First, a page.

| || |The Berean Expositor
Volume 11 - Page 26 of 161 Index | Zoom | |
French book therefore a male, and must we speak of "him" and "his"? The truth is that
the "word", and not the "thing" named, is feminine or masculine; so with the Greek. The
same argument that would prove the Church to be feminine would prove the Spirit to be
Let us look at a few examples of feminine words, kephalē is feminine; this word is
translated "head" in Eph. 1: 22, but this does not in any sense imply that the head of the
Church is a female, "and gave HIM (MASCULINE) to be HEAD (feminine) over all
things to the CHURCH (feminine) which is His BODY (neuter)". In Eph. 2: 1 we have
"trespasses and sins". "Sins" is feminine; does this imply that only women are guilty of
"sins"? In Eph. 2: 3 we read of the "lusts of the flesh"; the word "flesh" is feminine,
whether used of male or female. "Wrath" in the same verse is feminine also, so also is
"love" in verse 4, and "grace" in verse 7. When Christ said, "I am the true VINE", the
word used is feminine; when the Lord said, "I am the DOOR", the word again is
feminine. The word graphē ("Scripture") is feminine, while the "law" (nomos) is
We will not multiply instances of that which is patent to those having the most casual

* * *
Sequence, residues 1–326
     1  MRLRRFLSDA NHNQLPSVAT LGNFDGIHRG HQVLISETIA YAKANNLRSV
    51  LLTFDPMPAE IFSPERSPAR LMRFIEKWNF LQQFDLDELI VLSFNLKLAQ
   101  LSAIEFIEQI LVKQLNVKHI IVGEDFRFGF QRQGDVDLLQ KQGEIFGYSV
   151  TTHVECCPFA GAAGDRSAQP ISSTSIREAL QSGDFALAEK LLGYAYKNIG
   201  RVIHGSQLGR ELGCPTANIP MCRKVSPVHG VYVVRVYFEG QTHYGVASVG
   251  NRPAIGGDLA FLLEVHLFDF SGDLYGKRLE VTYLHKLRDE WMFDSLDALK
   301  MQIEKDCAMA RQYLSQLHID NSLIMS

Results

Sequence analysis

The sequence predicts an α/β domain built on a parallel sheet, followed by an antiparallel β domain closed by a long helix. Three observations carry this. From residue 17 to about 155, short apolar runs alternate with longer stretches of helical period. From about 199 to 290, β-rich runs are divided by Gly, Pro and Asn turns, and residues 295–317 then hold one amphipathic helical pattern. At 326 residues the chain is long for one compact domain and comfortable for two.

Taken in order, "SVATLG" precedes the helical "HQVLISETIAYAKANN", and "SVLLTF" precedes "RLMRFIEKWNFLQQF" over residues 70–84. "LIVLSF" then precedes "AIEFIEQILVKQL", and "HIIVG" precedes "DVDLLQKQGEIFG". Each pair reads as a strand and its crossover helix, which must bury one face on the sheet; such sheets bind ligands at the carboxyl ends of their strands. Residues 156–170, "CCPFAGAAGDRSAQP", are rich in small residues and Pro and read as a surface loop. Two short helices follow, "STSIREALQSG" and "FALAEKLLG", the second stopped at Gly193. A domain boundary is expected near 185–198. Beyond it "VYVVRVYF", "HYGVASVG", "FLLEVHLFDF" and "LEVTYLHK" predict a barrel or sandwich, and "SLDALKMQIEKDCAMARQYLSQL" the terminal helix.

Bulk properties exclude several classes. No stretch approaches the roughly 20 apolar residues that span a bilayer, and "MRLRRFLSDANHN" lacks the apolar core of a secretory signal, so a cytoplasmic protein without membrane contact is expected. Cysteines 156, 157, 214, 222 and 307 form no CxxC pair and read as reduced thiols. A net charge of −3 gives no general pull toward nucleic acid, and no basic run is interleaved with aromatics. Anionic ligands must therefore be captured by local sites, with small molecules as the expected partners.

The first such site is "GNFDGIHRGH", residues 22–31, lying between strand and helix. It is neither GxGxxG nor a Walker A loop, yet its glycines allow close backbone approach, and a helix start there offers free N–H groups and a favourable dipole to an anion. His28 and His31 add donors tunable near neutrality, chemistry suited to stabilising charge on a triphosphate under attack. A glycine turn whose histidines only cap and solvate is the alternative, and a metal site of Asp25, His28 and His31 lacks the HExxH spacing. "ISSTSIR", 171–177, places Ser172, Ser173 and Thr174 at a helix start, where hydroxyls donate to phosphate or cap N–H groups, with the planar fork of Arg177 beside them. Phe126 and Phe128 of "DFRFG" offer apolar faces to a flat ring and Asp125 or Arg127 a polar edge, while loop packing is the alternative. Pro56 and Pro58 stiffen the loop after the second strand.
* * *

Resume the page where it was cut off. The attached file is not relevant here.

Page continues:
acquaintance with language. We can only regret that such examples of "a little
knowledge" should still be found, as that quoted above. The title of the Church as either
the Bride, or the Body, has no connection with the etymological or grammatical
requirements of the word ecclesia, but is a subject of revelation. The question of the use
of the "body" in I Corinthians we will deal with in a separate paper.
"The Body" in I Corinthians.
pp. 40 - 43
It is our belief that the Church of the One Body is peculiar to the revelation of the
prison epistles (Ephesians, Philippians and Colossians), and that before the dispensation
of the mystery the Church was not the "One Body". We certainly find references to the
body in I Corinthians, and as some of our readers are not clear about the subject we
propose to consider it here.
The passage to which reference is made is I Cor. 12: This chapter, together with 13:
and 14:, is "concerning spiritual gifts". First of all the apostle divides his subject into
two distinct sections:--
1. The spiritual gifts emanating from evil sources (12: 2, 3).
2. The spiritual gifts emanating from the Divine source (12: 4-11).
Looking at the second part we observe that it is sub-divided into three groups:--
1. There are diversities of gifts, but the same SPIRIT.
2. There are differences of administrations, but the same LORD.
3. There are diversities of operations, but the same GOD (12: 4-6).